Fat Transfer Procedure
The details of our surgical approach to the midface are detailed extensively elsewhere . Once the midface lift portion of the procedure is concluding, the surgical technician transfers the fat from the 10cc syringes into individual 1cc syringes using a Luer lock transfer device. Either a straight or slightly curved 16-gauge blunt cannula is placed on the 1cc syringes, depending on the anatomical site being injected. Attention is then turned to the previously marked out areas on the face: the tear trough, the malar eminence, the submalar region, and the nasolabial crease. An 18-gauge NoKor needle is used to create small stab incisions at the sites of entry. Beginning with the tear trough, the stab incision is made just inferior to the infraorbital rim and lateral to the infraorbital nerve. The 16-gauge blunt cannula is used to inject fat along the tear trough using multiple passes and laying down a minimal amount of fat (ideally about 0.03cc per pass). The fat is injected at many different angles, however at this location the fat is injected only in the deep plane just superior to the periosteum. Next, attention is turned to the malar eminence. Injection at this site is focused on injecting into and along the zygomaticus major, zygomaticus minor and levator labii superioris muscles and into the malar fat pad (Figure 3). The entry incision is made with the NoKor needle at the inferior region of the muscles. A similar technique of inserting the blunt cannula and inject a small amount of fat upon withdrawal is performed. Multiple passes with the cannula and injection into multiple tissue levels is performed. The submalar region is addressed next with injections targeting the buccinator and risorius muscles. Finally, the nasolabial creases are addressed by making the entry stab incision at the inferiormost point of the nasolabial crease. The same technique is utilized here except that the injection is performed solely into the subcutaneous tissue layer and not into a specific muscle. After the conclusion of fat injections the face is cleansed with saline and a small amount of antibiotic ointment is placed on each of the stab incisions and a typical facelift/brow lift pressure dressing is placed (solely for the midface lift). The injected areas are aggressively iced for the 1st 48 hours in order to decrease edema and ecchymoses.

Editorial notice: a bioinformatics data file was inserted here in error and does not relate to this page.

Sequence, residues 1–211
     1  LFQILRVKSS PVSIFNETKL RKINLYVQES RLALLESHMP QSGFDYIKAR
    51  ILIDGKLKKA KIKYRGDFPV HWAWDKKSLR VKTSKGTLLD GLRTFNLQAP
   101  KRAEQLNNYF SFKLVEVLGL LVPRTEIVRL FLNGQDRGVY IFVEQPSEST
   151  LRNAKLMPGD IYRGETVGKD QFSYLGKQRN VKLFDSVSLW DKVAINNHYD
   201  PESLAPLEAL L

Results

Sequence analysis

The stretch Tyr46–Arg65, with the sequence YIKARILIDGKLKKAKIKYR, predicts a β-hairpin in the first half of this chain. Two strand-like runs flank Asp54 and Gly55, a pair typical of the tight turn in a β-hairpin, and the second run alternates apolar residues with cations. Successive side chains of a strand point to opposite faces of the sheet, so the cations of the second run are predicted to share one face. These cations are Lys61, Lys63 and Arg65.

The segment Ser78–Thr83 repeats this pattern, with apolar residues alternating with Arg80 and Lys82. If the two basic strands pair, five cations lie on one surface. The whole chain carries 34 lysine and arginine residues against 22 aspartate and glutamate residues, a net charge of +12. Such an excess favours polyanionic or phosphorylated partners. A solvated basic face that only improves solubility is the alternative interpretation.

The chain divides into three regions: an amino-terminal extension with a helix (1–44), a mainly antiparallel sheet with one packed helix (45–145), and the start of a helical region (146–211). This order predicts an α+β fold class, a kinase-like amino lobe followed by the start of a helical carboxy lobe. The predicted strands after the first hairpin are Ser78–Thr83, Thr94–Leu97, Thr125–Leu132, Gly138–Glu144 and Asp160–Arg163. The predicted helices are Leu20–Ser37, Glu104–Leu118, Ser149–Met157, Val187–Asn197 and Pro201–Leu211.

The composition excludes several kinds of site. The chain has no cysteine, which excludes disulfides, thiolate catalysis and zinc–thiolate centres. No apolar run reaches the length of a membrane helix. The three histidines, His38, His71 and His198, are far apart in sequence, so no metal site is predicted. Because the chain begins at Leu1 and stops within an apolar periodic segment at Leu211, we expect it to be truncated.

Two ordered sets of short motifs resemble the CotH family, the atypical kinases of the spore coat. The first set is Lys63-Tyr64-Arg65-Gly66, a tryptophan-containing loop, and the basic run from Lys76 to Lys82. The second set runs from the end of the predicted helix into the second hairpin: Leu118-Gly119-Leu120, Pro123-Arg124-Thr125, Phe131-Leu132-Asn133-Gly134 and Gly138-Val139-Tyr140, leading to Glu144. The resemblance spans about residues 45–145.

The most common complication, or sequela, from the fat transfer was prolonged post-operative edema. The edema is thought to be due to the multiple tunneling performed with the fat transfer as well as from the concurrent midface lift. The second most common complication were ecchymoses from the stab incisions used to pass the injection cannula through the skin and from the multiple tunnels created to lay down the fat. Other reported complications of fat transfer include: undercorrection, overcorrection, tissue irregularities and asymmetries, migration of the placement of the fat and hematoma.
Four Chi-Square tests of independence were conducted to compare the findings between group 1 and group 2.
The first Chi-Square test revealed a significant difference on Tear Trough Ratings by Group, c 2 (2) = 73.59, p < .01 (Table 1). Group 1 participants were more likely to receive a No Improvement Rating than those in Group 2 (25.56% and 0% respectively). Additionally, participants in Group 2 were more likely to receive a Marked Improvement Rating than those in Group 1 (66.67% and 0% respectively).
The second Chi-Square did not reveal a significant difference on Malar Eminence Ratings by Group, c 2 (2) = 3.10, ns (Table 2). One cell had an expected frequency less than five. The results from this test may not be valid because the small expected frequency can increase the risk of a committing a Type II error.